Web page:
What makes someone a “real” New Yorker? How I Met Your Mother suggests the criteria are killing a cockroach with your bare hand, crying shamelessly in the subway, seeing Woody Allen and stealing a taxi from someone who needs it more than you. To me, that list seems way too simple.
When I visited New York a month before I moved in, I’m ashamed to admit it now, but I definitely cried shamelessly in the subway. Does that mean I’m a step closer to being a true resident? When I first moved here about a month ago, I wanted to be that real New Yorker. Some people say you have to live in the city for at least 10 years. Other people told me there is no such thing. As a journalist (and a dreamer), I don’t take no for an answer.
I just graduated from Penn State University in State College — smack-dab in the center of the state — surrounded by tractors and cows. I grew up in the suburbs of Philadelphia, with limited exposure to city life, but I love it. I love public transportation. I love walking around. I love how the city never sleeps. Even after studying abroad in Paris, city life is still new to me. Luckily, though, I have no shame. I’ve opened up one of those huge subway maps while hurtling along underground in the train, much to the dismay of my neighbors seated beside me, and I still managed to get off at the wrong stop.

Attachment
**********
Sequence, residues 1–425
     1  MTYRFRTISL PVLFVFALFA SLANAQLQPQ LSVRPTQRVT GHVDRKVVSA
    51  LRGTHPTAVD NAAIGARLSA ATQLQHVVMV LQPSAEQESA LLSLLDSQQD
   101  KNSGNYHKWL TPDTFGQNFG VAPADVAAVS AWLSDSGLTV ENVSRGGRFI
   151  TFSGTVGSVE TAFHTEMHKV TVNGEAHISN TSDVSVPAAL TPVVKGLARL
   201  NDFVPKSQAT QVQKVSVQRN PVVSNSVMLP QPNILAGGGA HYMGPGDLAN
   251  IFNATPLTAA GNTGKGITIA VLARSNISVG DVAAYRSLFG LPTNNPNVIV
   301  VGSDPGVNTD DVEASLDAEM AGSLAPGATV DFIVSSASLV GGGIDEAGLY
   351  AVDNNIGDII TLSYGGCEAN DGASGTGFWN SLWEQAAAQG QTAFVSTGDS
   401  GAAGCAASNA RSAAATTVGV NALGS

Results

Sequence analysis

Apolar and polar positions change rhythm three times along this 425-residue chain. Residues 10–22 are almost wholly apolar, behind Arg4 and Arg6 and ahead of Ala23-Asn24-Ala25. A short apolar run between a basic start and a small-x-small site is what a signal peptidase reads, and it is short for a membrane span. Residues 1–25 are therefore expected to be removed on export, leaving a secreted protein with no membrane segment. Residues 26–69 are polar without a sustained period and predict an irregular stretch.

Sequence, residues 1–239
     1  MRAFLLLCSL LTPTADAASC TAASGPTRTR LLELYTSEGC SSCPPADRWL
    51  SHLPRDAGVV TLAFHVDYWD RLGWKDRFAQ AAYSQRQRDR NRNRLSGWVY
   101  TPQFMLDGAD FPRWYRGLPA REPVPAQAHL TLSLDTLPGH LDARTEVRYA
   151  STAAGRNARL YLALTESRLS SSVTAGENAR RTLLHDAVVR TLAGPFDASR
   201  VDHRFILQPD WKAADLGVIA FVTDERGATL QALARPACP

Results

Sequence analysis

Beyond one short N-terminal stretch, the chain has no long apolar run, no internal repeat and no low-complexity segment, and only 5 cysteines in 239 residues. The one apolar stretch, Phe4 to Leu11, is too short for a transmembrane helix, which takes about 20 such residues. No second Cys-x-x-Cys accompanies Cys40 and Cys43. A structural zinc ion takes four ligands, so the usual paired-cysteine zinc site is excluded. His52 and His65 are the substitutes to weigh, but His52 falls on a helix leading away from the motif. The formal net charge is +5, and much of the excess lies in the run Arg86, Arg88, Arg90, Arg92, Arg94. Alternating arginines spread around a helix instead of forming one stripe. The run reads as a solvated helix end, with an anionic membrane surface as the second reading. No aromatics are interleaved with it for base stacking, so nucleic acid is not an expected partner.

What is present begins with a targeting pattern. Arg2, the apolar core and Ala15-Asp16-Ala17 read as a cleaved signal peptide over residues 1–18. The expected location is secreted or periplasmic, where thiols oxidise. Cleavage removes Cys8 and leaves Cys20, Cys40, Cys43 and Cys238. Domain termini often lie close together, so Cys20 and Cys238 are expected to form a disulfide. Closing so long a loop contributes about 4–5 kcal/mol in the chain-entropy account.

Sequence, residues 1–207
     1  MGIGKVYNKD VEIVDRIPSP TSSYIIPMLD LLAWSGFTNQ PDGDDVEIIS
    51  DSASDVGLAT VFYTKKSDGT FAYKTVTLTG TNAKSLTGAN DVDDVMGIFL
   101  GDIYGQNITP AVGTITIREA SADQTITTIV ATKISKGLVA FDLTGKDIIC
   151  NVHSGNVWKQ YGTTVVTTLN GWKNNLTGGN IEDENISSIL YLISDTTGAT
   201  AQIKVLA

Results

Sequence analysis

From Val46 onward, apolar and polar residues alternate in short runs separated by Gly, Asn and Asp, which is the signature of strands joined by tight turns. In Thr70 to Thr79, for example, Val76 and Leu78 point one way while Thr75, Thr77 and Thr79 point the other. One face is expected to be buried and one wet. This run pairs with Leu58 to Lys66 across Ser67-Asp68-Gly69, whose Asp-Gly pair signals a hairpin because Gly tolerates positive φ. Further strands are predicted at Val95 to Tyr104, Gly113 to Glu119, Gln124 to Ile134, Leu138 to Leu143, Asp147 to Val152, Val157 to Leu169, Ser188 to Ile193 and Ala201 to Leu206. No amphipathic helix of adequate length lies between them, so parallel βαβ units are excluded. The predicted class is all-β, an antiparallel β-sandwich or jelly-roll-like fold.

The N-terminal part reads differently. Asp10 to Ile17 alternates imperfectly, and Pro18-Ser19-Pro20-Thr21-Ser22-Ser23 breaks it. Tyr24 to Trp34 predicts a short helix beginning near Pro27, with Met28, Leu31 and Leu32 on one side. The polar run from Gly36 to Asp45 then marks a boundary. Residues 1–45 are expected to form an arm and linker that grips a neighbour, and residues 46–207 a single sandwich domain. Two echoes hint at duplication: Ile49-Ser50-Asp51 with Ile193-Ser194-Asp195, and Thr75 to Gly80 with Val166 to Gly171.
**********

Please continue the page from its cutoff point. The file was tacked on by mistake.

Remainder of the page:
When I moved in, I got lost everywhere, even on my own street. I got on the wrong trains and got off at even more wrong stops on the bus. Every day, though, my geography is improving without using a map, and that makes me one step closer to becoming a true New Yorker. One day when a girl asked me for directions, I literally bobbed up and down in excitement when replying, “I know where that is!”
Even before moving here, I was sold by the romantic version of New York life on TV. On Friends, Monica and Rachel had a spacious apartment with their own respective rooms and a gorgeous view, yet often seemed to have very little income. In most scenes where characters travel in New York, they do so by car or taxi, which is pretty expensive for the average lifestyle. Not to mention the bars or restaurant hangouts always featured in these shows. The first week I lived in the city, I found “my bar” — only to stop going after a week because of how expensive it became.
Just from observing people around the city, I’ve come up with my own definition of what makes a “real” New Yorker that won’t take 10 years to achieve. To me, the real New Yorker is someone that’s compassionate enough to stop on the sidewalk to make sure a man lying against the building wall is still breathing, but firm enough to ignore jingling change cups. The real New Yorker has a bagel place, and a bar they regularly visit, though he or she doesn’t go every day. They’re not fazed by cockroaches (but sometimes rats). They’re kind enough to give a passerby directions, but stern enough to push over gawking tourists. They relish the beauty of the city, while at the same time hating the noise, smell and lack of space. The real New Yorker is a mess of contradictions. I’d like to think I’m on my way to being “real.”